Abstract:

Residue theorem has been frequently used to tackle certain complicated deffinite integrals. However, it is never applied for indeffinite integrals. Therefore, in this report, residue theorem and a some small tricks are applied to find antiderivatives. The are mainly three interesting results:

1. Antiderivatives can be found without integration: antiderivatives can be represented by residues, while calculation of residues requires no knowledge of integration. For residues at poles, only differentiation is needed.

For residues at essential singularities, Taylor series manipulation is required; still, it is just differentiation with algebra work. This allows fast computation of antiderivatives of rational functions, especially those with only simple poles, providing an alternative to partial fraction decomposition. This is also applicable for other functions. Moreover, this result implies that integration is not only the reverse of differentiation, integration is indeed equivalent to differentiation.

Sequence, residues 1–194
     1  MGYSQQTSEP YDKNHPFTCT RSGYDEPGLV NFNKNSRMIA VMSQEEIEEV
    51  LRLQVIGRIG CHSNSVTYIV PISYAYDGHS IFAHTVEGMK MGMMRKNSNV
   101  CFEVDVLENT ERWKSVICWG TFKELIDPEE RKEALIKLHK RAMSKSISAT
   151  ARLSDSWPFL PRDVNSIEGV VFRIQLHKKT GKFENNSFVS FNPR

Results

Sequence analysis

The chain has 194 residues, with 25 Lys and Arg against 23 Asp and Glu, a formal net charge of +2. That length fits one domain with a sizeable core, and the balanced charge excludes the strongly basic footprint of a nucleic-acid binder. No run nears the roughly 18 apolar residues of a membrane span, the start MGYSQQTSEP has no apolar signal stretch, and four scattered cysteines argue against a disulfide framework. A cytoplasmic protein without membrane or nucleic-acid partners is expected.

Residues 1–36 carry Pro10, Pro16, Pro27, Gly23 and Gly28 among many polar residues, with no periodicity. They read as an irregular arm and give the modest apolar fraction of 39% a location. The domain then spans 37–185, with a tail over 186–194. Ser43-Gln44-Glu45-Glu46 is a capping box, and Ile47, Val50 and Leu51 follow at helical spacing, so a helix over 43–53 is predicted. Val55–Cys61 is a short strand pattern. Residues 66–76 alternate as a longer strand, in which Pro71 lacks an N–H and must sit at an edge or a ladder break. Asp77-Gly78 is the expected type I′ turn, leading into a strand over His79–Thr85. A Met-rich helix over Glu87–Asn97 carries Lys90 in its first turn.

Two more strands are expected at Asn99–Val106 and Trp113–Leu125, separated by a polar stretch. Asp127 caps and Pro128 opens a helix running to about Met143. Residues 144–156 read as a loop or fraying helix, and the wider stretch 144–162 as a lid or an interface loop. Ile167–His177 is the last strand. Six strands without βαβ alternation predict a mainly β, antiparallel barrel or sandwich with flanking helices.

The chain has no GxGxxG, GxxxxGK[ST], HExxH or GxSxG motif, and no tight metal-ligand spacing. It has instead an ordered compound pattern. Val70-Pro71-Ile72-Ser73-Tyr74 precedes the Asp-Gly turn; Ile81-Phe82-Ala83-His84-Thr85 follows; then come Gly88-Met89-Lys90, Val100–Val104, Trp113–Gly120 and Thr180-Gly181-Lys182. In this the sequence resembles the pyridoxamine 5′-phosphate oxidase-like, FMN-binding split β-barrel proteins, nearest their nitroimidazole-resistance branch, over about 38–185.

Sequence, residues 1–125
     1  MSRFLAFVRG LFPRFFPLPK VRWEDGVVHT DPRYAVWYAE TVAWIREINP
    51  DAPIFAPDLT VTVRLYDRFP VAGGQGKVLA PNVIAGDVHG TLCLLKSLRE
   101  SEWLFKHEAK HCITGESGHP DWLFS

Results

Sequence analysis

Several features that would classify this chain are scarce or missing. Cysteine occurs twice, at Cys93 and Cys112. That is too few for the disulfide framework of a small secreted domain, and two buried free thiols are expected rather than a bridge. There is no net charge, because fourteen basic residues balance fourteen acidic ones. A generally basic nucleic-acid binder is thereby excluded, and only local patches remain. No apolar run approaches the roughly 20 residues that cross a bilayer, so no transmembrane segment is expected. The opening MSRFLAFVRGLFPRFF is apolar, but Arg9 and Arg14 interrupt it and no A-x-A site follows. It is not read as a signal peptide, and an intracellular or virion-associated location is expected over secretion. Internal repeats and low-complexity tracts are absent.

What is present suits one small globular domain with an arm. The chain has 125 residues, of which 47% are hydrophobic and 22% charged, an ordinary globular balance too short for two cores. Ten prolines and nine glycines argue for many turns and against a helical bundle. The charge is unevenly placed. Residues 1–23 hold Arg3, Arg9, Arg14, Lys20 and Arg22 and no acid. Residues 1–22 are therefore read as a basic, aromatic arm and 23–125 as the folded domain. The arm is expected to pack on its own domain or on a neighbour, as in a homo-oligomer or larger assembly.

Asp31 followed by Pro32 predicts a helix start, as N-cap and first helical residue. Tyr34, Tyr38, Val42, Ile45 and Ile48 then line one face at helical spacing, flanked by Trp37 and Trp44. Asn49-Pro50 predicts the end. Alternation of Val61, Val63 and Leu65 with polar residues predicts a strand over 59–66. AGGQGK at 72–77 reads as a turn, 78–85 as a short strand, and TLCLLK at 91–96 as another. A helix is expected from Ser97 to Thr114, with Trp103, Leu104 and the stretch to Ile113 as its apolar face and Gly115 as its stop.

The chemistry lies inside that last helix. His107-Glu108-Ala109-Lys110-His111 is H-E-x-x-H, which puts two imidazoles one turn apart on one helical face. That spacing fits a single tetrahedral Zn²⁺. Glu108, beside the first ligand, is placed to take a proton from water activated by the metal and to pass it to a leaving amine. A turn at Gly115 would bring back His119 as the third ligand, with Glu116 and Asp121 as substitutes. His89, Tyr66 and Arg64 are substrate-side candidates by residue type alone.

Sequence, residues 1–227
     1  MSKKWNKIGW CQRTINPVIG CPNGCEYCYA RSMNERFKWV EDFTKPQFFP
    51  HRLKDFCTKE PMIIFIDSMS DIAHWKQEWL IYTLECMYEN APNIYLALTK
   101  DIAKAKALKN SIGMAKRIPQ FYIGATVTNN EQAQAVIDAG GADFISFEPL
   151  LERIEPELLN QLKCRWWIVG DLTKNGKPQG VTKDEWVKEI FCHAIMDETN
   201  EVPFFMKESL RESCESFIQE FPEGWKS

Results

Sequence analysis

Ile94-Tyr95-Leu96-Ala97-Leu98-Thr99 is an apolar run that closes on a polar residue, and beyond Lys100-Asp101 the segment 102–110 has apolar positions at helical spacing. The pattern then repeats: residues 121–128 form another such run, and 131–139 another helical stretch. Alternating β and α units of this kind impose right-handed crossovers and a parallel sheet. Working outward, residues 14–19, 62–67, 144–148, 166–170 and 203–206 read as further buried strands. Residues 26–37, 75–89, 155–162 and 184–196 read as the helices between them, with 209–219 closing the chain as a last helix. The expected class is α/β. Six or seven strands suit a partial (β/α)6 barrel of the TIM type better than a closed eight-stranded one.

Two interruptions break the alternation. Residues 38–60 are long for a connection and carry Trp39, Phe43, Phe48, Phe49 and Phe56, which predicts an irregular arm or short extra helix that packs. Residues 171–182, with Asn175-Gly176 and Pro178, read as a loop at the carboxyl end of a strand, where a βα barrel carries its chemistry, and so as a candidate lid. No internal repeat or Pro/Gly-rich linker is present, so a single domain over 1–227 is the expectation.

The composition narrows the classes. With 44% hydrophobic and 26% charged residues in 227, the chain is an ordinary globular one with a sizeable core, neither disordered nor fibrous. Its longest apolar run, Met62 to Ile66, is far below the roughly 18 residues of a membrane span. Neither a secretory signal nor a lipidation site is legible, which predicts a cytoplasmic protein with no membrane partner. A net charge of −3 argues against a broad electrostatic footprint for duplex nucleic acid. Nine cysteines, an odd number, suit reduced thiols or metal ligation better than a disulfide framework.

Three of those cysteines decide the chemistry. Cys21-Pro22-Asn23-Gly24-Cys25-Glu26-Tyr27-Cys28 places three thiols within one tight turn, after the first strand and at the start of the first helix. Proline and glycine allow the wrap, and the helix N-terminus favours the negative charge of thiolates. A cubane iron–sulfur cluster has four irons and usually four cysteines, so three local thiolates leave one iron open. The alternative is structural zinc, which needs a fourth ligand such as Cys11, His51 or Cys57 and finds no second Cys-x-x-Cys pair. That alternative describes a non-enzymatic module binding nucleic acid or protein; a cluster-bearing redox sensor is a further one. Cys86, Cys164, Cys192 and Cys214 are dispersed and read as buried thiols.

2. A universal functional form of antiderivative can be obtained: antiderivatives obtained by this method has a functional form that converges wherever it should converge. The functional form has the largest possible region of convergence on the complex plane.

3. As a weak tool for analytic continuation: since the universal functional form of antiderivative is obtained, differentiating yields a universal functional form of the integrand. If one knows the behaviour of f in the vicinity of every singularity of f, one can analytically continue f to its largest possible domain by the method presented in this report.

Residue theorem is the central tool to be used throughout this report. Certain simple inequalities such as triangle inequality and estimation lemma are occasionally applied

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